The one money matter that most Internet millionaires talk about openly is what start-ups they are investing in next. Expect many more such investments from Facebook executives. Indeed, that might be where the biggest chunk of their new wealth will go.
Off the corporate campuses and out of public view, it seems, there is little anxiety about spending. Friends of Facebook employees say that they have talked about buying houses, of course, but also planes — a seaplane even — and works by popular artists like Banksy, whose pieces can sell for hundreds of thousands of dollars. Just do not expect them to post about any of that on their Facebook pages.
To understand the contradictions of moneymaking in the Valley, it is instructive to look at another landmark public offering: Google in the summer of 2004. Just before it went public, a senior manager holding a baseball bat lectured a roomful of Google employees: Anyone who dared show up to work in a flashy sports car would soon find its windows shattered. The story is part of Valley lore. But it is also well known that the company’s three top executives have a collection of eight private jets, parked in a NASA hangar…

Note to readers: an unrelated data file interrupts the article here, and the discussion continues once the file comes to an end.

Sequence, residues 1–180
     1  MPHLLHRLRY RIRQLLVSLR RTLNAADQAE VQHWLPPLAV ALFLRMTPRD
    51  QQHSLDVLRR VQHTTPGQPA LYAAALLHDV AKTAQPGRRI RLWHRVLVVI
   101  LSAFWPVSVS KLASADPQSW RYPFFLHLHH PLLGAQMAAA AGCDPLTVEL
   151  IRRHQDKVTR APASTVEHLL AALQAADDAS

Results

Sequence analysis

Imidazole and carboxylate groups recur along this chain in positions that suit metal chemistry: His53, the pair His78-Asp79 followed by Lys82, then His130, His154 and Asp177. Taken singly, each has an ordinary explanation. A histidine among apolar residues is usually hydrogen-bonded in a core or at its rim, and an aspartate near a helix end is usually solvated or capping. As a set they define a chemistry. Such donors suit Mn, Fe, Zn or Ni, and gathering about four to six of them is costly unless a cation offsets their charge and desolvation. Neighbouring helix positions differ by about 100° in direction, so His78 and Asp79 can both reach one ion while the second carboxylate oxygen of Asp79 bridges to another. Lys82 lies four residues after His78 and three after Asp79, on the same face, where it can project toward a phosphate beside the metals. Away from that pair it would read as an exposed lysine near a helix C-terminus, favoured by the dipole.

Mark Zuckerberg, Facebook’s chief executive, sets the tone at the company with his trademark rumpled hoodies that display no obvious brand name. He spent $7 million on a large but nondescript home in Palo Alto, a suburb so expensive that even a small, no-frills house easily goes for $1.5 million these days.